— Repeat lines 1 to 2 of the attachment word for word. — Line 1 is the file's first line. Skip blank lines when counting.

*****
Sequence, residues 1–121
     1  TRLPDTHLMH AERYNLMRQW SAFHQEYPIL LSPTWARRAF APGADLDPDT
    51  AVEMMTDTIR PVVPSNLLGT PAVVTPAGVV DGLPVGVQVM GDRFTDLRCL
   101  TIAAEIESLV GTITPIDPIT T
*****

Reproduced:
Sequence, residues 1–121
     1  TRLPDTHLMH AERYNLMRQW SAFHQEYPIL LSPTWARRAF APGADLDPDT